Young children often dream of being superheroes like Superman, Batman, or Wonder Woman, but when Mohammed Islam was a child, his superheroes didn’t wear capes, they wore scrubs – they were the doctors and nurses he met accompanying his mother to her medical appointments to act as her translator.
“I was a kid still learning English, hearing medical jargon,” Mr. Islam said. “I saw the doctors and nurses and was intrigued by them. I wanted super powers and they had the power to heal.”
When he was five, Mr. Islam’s family emigrated from Bangladesh to the U.S. to live in East New York, Brooklyn.
He attended the local elementary schools until middle school, when his parents enrolled him in a Queens Madrasa, a school for Islam-centered education, so that he could learn more about his faith and remain focused. It was also post 9/11, and his parents felt that being in a school with other Muslims students would help insulate him from some of the Islamophobia they’d experienced, including instances of someone trying to pull off his mother’s scarf and strangers calling them names.
After his Quran studies at the Madrasa were complete, his teachers advised him to attend a school that trains people to become Islamic scholars. In 2010, he left for Johannesburg, South Africa, for a six-year religious studies program.
When he came back to the U.S. at 21, he felt he was “on a whole new island.” His family had moved from Brooklyn to a larger apartment in Stapleton Houses in Staten Island.
Taking the ferry wasn’t the only thing he had to teach himself to do. He wanted to attend college, but because he didn’t have a high school degree he had to take the high school equivalency exam, which he passed thanks to help from a prep course at Columbia University.
Mr. Islam will be even closer to fulfilling his childhood dream when he graduates from the College of Staten Island this December. He plans to take the Medical College Admission Test in March 2020 and hopes to be accepted to a medical school in New York.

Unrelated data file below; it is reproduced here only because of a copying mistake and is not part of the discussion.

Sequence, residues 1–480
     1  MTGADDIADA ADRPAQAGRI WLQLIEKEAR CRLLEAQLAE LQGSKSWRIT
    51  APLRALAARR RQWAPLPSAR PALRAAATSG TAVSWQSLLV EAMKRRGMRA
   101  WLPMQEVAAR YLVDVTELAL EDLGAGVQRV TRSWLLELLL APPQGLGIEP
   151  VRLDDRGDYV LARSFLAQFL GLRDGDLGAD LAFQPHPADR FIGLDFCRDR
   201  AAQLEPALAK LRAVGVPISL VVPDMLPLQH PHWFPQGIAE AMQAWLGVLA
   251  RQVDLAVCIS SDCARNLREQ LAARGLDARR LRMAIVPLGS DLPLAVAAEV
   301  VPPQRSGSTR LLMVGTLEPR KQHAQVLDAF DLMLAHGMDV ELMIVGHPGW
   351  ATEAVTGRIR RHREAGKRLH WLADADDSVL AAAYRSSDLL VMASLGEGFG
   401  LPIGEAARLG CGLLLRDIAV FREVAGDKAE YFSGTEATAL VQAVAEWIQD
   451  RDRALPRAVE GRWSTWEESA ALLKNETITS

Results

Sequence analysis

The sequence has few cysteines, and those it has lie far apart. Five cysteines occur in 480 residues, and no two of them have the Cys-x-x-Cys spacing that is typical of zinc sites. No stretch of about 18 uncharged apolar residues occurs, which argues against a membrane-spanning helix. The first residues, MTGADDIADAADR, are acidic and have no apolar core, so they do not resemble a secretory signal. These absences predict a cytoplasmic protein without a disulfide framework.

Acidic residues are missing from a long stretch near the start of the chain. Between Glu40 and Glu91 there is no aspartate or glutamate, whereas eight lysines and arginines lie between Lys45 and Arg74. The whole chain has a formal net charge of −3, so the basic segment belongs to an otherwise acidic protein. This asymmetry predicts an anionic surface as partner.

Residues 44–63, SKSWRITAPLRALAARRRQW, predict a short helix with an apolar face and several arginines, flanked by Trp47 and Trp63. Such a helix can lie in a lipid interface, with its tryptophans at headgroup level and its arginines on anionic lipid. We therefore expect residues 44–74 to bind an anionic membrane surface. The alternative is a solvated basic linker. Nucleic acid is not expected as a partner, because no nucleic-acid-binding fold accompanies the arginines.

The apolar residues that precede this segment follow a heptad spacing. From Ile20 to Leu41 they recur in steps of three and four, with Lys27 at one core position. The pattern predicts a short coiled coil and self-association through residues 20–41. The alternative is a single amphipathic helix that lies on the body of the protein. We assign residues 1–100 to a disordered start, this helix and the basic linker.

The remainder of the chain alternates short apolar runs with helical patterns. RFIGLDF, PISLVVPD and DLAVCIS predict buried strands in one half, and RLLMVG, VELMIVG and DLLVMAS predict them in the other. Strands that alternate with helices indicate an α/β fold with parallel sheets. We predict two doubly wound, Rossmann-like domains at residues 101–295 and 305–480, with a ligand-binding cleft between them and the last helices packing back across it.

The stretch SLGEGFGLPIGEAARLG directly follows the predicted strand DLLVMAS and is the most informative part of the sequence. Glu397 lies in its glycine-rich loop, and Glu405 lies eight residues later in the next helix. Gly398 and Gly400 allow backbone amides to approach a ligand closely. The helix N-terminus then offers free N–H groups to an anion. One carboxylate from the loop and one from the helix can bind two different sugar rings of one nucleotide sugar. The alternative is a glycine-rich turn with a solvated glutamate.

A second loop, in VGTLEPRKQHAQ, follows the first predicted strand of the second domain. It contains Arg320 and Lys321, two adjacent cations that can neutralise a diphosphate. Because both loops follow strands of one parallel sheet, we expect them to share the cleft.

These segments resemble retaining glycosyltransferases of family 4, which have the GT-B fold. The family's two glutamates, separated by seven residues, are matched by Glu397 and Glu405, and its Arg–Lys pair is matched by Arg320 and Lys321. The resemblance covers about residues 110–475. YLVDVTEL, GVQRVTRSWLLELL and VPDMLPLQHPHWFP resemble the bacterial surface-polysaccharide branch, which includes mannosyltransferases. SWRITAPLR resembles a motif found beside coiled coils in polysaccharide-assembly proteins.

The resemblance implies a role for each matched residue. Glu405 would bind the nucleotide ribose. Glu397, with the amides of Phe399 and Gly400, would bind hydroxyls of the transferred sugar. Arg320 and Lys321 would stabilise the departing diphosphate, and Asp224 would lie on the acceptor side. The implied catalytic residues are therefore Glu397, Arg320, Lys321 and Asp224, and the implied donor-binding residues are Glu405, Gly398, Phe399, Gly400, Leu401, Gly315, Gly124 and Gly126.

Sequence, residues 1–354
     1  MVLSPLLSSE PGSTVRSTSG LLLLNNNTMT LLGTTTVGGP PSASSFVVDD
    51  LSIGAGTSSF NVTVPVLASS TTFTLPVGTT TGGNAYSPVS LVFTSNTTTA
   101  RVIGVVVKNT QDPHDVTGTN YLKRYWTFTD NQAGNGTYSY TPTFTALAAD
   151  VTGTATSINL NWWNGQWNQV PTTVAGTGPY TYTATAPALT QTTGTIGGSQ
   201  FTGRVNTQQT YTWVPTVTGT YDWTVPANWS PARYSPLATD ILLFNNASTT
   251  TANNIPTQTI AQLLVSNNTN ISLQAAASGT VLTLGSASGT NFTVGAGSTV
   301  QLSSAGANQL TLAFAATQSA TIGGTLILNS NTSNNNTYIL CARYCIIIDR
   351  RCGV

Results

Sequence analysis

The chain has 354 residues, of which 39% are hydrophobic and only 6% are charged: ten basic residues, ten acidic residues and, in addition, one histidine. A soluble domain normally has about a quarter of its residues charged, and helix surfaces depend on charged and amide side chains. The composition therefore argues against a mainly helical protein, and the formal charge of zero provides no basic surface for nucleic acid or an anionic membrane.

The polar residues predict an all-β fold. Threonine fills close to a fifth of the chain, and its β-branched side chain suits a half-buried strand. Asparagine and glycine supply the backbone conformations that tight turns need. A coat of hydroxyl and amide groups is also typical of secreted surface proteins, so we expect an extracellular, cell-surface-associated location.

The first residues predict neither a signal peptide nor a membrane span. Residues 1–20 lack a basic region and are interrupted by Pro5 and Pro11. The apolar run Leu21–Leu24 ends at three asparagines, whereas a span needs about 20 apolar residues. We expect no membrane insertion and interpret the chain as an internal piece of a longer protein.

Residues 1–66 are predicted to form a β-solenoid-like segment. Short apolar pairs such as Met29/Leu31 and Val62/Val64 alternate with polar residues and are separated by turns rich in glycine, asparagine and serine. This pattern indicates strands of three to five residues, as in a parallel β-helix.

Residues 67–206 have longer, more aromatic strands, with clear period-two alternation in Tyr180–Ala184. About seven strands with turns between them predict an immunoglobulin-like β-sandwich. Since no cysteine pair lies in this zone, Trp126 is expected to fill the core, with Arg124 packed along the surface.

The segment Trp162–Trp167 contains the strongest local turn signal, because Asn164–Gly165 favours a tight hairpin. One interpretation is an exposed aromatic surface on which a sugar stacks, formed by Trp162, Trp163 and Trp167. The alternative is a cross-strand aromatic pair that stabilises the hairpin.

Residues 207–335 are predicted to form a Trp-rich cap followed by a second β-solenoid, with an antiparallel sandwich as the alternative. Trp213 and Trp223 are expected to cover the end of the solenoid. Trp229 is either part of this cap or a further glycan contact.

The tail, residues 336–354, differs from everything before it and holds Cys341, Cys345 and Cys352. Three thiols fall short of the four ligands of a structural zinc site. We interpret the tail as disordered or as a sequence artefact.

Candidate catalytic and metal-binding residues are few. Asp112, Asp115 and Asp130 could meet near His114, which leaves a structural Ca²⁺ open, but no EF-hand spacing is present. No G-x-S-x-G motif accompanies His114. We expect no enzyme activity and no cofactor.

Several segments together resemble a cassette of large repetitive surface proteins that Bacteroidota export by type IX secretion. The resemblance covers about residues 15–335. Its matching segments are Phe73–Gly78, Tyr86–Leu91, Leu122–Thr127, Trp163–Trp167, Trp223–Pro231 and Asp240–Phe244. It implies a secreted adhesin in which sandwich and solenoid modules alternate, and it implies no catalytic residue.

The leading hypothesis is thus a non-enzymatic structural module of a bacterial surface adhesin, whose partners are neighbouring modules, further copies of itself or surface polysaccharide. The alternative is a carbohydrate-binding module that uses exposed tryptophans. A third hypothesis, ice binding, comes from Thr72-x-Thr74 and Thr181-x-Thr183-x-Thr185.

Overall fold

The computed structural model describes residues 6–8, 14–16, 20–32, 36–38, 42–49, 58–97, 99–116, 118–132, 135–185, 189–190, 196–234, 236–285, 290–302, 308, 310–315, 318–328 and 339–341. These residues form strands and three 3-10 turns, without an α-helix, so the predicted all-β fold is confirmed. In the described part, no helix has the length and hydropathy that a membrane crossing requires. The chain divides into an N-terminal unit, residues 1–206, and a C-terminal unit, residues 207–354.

He’s also been preparing for his future career with on-the-job experience. Currently, he works as a scribe at the Staten Island University Hospital ER, where he records notes for attending physicians, completes patient charts, transcribes dictation for medical reports, and more.
And over the summer, he had an amazing opportunity to intern at a teaching hospital in Fez, Morocco, thanks to the Fund for Education Abroad. He spent four weeks at a teaching hospital there, shadowing physicians in nephrology, neurology, pediatrics, and radiation-oncology.
In addition to becoming immersed in Moroccan food, art, language, and “the best tea,” Mr. Islam said the internship “solidified my intention of pursuing a career in medicine and gave me a perspective of what global medicine looks like. I’ve always had the intention of practicing medicine in underserved communities, but I have a global mission now.”
His mission is also to give back on a personal level. Before Morocco, he spent three weeks this summer in the CUNY Service Corps – Puerto Rico, where he helped repair roofs for families whose homes were damaged by Hurricane Maria. He volunteers with Muslims Giving Back, where he teaches a course on the Quran, helps with the organization’s food pantry, and raises money. He was also a member of NYCHA’s Advisory Group on Smoking and Health, which helped implement the Authority’s non-smoking policy.
With all the activities Mr. Islam is involved in, it’s no wonder that he was one of this year’s winners of the NYCHA-CUNY Scholarship, which provides recipients with $1,000 for education-related expenses. In fact, this is the third time he’s won the award.
What keeps him pursuing his goals, even in the face of obstacles, is something he believes everyone, not just superheroes, can live by: “Dream big, and strive with full effort until your dreams become your reality.”